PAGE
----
Whittlesey, Derwent. 1929. Sequent “occupance”. Annals of the Association of American Geographers 19 (3/September): 162-165.


The main argument in Derwent Whittlesey’s article “Sequence “occupance” is that the “human “occupance” is like the “biotic phenomena” which carries “…the seed of its own transformation” within itself (p. 162). Therefore, sequent “occupance” is the process in which a landscape is gradually transformed by a succession of occupying populations, each of which modifies the landscape left by the previous group.

He justifies his arguments with some examples: “farmer’s encroachment in the virgin soil” that they plow, grow, and harvest, or, in the extreme case farmers leaving the land “…abandoned and converted into pasture or forest”; human attachment towards “urban life” and ultimately shifting the urban area “…to a zone some distant from the center” and beginning a new urbanization; and “…political unification of a large and diverse area under a single system of government” which under “many laws of hardships” outburst into a smaller “unit” (p. 162). A very good example of sequent “occupance” is New England, where Whittlesey forecasts that the human “occupance” in New England will be reversed and “occupance” by forest will be dominant “…at the will of non-resident owners for wood-pulp or for lumber” (p. 163). He argues that “each generation of human “occupance” is linked to its forbear and to its offspring, and each exhibits an individuality expressive of mutations in some elements of its natural and cultural characteristics” and therefore the transformation of life history is “inevitable” from stage to stage (p. 163). This justifies his argument that the sequent “occupance” is “genetically” influenced.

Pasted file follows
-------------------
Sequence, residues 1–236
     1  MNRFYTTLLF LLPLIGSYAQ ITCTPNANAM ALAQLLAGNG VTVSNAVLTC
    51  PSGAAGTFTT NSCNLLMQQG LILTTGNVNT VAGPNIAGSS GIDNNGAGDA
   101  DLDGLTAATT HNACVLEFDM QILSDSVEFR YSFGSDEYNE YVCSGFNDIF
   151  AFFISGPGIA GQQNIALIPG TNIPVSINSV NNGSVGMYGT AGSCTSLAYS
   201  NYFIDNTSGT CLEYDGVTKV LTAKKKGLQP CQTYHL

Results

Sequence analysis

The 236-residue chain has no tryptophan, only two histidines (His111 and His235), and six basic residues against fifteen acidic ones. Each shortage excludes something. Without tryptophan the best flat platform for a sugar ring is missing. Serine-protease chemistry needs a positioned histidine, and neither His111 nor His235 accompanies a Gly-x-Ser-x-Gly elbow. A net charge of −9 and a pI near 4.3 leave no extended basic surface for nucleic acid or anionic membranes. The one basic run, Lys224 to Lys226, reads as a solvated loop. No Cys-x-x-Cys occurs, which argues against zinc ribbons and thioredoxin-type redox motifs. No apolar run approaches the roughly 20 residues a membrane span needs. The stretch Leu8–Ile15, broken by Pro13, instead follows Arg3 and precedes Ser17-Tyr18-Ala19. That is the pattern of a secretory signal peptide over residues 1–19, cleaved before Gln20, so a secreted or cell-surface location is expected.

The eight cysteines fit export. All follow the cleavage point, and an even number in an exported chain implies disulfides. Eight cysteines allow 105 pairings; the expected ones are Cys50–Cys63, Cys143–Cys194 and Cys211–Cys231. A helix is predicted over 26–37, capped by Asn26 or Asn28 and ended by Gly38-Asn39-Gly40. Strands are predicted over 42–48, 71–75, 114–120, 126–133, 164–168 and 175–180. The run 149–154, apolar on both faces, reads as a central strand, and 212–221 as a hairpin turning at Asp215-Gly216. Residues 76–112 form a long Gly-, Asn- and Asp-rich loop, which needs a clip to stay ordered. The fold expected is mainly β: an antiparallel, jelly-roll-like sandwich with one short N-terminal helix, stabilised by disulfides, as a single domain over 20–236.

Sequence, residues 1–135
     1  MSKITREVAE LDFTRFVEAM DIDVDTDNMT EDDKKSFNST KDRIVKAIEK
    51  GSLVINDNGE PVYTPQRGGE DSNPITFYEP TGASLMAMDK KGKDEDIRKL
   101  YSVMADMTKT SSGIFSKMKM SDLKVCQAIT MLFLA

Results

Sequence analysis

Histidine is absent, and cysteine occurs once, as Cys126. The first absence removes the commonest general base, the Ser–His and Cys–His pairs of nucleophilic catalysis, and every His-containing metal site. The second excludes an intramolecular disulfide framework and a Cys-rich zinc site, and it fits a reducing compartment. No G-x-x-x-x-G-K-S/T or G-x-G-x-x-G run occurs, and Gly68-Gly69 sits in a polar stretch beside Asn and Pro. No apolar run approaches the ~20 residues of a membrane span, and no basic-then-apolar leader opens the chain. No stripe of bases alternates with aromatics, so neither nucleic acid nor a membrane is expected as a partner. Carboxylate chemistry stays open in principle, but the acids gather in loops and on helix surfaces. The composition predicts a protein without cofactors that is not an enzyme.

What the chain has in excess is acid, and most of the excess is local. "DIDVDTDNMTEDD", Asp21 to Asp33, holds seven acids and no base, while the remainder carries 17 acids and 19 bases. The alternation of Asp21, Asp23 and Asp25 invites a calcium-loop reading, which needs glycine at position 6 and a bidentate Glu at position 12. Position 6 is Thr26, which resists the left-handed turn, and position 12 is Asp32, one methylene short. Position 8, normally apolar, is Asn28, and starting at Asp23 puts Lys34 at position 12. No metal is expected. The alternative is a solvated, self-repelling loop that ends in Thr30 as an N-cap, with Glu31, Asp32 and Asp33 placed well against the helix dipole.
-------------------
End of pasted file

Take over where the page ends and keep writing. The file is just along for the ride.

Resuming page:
He admits sequent “occupance” is an “intricate problem”—nevertheless, “simplified with the chronological study of the natural and cultural landscape” and he concludes suggesting “classification” of sequence “occupance” should be made on the basis of chronology which is “…structurally firm and homogeneous” (p. 165). For Whittlesey, the important thing was that the human/sequent “occupance” was similar to the biotic phenomena which establish the genetic relation with each stage in terms of the predecessor.

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